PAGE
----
Moto 360 — Motorola’s new smartwatch — has the sleekness, elegance and sophistication one would expect of a luxury watch. But at the center of the first, cheeky campaign for the watch is what it can do, not how it looks.
The campaign, “A Watch for Our Times,” in partnership with agency Droga5, showcases the Android-powered watch in four spots that parody the clichés associated with opulent luxury watch ads. The watch came out in September, though the campaign is just being rolled out now. Motorola was acquired by Lenovo in October, after nearly two years under Google’s wing.
One of the new spots begins like a typical luxury watch ad: a model-handsome business man is doing handsome business things as the voice-over announces, importantly, “Craftsmanship. Style … Burritos.” A burrito flashes on his watch, reminding him that it’s time for lunch. The three other spots in circulation similarly lampoon the self-seriousness of the category. Two more will be released this week.
“We were all too aware of how the watch category had been positioning itself for decades and distancing itself from real people: If you weren’t a fighter pilot, or conquering the seven seas, floating in a space station or had just won the US Masters, then the watch world felt completely inaccessible,” Nathan Lennon, the creative director of the campaign, told Digiday. “It was time to call out the category in a tongue-in-cheek ‘Moto’ way and show that Moto 360 was relevant, and the way we talked about it was also relevant.”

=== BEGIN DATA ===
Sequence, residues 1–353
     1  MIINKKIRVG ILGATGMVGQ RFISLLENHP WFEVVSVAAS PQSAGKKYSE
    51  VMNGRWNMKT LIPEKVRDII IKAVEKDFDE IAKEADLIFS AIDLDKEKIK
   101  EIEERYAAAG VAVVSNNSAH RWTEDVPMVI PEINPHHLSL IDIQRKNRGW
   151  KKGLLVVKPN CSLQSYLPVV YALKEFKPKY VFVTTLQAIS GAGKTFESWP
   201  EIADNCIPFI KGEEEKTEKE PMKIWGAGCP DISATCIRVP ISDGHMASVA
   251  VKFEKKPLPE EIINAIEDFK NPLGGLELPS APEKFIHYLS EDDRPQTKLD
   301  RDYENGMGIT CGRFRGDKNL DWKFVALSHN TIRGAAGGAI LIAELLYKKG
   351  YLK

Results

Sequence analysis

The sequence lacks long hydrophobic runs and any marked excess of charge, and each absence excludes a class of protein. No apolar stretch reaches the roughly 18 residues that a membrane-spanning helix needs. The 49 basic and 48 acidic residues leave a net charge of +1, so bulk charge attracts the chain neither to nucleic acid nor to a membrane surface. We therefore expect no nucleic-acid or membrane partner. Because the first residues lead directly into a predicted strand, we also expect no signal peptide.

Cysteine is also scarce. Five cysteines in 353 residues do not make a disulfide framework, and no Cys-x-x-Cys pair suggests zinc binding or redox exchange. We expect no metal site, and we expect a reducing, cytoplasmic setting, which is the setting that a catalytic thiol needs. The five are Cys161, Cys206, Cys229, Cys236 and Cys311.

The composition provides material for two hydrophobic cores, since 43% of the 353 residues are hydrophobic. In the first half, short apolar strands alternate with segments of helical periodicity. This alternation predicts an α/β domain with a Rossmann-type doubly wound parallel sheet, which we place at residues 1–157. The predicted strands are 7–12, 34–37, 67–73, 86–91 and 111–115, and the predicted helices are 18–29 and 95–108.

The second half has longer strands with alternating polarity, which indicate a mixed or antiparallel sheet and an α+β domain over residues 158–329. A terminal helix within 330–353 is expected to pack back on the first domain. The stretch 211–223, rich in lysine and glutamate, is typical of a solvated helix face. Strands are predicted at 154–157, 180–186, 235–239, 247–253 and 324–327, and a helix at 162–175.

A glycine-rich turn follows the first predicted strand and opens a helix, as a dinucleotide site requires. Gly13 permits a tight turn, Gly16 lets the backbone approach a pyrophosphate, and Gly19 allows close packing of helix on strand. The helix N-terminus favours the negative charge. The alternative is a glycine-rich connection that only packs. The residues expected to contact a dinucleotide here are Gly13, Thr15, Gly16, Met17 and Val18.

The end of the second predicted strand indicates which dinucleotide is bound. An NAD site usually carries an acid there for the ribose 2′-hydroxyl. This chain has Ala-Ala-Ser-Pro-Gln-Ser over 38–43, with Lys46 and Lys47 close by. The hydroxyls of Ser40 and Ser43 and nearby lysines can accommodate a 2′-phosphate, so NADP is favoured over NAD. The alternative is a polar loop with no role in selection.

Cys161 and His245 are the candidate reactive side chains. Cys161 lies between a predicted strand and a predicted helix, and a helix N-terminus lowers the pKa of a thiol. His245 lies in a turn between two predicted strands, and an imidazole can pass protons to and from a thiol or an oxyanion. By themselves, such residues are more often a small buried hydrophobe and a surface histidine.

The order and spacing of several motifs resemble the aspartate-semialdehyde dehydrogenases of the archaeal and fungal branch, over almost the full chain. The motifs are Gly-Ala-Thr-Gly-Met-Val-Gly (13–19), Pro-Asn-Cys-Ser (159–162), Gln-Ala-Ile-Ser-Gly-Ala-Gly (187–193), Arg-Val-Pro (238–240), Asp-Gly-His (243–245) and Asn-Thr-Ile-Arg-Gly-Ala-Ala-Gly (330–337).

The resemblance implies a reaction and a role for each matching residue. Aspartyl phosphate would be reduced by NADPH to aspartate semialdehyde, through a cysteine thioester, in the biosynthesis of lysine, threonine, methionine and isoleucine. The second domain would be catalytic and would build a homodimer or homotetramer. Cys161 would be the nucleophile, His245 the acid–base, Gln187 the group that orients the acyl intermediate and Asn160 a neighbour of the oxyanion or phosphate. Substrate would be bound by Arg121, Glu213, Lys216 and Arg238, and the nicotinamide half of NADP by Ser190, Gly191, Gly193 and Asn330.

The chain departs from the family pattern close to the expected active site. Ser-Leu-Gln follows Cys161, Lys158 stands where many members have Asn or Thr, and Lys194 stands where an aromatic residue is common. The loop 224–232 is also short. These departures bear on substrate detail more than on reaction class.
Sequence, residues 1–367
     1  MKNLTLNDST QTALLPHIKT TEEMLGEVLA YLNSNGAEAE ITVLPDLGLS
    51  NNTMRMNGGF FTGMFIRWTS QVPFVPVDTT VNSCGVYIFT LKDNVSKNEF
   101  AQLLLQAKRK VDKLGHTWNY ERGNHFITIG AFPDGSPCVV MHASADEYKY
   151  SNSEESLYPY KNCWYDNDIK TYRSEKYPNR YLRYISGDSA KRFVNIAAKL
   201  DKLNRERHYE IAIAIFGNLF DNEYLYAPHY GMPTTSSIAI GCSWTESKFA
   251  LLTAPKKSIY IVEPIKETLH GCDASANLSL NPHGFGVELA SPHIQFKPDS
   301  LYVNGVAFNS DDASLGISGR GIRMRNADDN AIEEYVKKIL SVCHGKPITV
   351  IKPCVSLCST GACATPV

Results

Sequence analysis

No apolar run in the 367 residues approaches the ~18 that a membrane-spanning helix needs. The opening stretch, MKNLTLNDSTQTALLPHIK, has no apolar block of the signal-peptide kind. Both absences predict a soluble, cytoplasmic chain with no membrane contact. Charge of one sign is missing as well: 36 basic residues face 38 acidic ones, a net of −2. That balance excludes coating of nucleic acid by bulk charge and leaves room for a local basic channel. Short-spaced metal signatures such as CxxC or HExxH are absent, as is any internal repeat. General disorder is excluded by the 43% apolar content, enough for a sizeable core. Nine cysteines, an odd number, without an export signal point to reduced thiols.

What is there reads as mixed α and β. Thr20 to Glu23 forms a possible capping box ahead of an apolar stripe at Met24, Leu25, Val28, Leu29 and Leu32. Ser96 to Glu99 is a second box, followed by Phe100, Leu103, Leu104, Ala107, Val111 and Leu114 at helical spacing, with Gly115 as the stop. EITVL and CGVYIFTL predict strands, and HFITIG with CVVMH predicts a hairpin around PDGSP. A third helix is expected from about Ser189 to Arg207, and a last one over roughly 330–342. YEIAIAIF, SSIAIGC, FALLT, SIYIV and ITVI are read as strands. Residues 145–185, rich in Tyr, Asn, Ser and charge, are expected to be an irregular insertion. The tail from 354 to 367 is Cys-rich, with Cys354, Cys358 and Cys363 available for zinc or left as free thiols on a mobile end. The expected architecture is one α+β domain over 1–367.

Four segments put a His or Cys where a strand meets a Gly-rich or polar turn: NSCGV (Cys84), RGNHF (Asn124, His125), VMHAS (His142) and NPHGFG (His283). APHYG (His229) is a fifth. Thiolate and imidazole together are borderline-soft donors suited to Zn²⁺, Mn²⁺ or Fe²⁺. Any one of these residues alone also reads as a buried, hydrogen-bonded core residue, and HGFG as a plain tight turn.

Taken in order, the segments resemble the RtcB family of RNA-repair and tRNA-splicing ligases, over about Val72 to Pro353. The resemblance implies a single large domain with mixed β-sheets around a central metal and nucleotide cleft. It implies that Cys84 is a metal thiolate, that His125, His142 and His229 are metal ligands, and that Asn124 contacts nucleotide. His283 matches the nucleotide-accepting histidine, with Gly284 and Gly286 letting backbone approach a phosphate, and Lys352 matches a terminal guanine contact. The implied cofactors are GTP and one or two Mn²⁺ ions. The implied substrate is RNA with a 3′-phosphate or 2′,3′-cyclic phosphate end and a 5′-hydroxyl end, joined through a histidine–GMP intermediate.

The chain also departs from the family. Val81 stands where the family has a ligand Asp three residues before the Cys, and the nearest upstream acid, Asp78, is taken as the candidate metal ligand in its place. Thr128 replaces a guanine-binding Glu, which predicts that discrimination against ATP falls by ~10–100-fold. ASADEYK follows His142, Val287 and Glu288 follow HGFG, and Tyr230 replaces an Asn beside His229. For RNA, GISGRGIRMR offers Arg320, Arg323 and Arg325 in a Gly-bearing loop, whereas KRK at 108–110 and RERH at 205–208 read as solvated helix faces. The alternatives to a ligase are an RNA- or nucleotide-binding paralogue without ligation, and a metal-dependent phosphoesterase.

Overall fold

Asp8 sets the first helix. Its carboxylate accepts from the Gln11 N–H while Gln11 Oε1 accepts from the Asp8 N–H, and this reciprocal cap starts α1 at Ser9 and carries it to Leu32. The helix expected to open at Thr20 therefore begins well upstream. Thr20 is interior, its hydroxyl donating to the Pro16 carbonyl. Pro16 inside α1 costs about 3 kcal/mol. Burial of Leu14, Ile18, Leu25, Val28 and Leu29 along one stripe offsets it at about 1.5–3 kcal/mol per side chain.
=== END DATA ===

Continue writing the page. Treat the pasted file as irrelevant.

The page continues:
The spots and still images are being shared on the brand’s various digital platforms including Faecbook, Instagram, Twitter, Google Plus, YouTube and TubeMogul. Motorola is also using paid media, influencers and the hashtag #forourtimes on its social platforms to promote its timepiece.
The campaign marks the smartphone-maker’s first foray into the wearable technology sector, beating to market the Apple Watch and Timex’s Ironman One GPS+, just in time for the holidays.
“As core enabling technologies get small enough to enable truly wearable products, the challenge for companies is how to deliver compelling, meaningful, beautifully designed products that feel like they’re meant to be a part of their everyday,” Dickon Isaacs, consumer experience design director at Motorola, said. “The unique cultural, design and engineering challenges in wearable products are informing our development for the core part of our business.”
Jan Dawson, chief analyst at Jackdaw Research, acknowledged that the wearable technology space was indeed becoming a crowded one, despite just getting off the ground. And it looks like the space will only get even more cluttered, with Business Insider reporting that Intel is set to announce a smartwatch with luxury Swiss watchmaker Tag Heuer next year.
“Computing is moving from our pockets to our wrists. While it’ll take a couple of years for that vision to be realized, none of these companies want to miss out,” Dawson told Digiday. “Everyone is hoping that the Apple Watch will transform the category, as Apple is seen to be the revolutionizing force. All the first-mover companies will also benefit, since they are Android powered, and that still remains the dominant player.”
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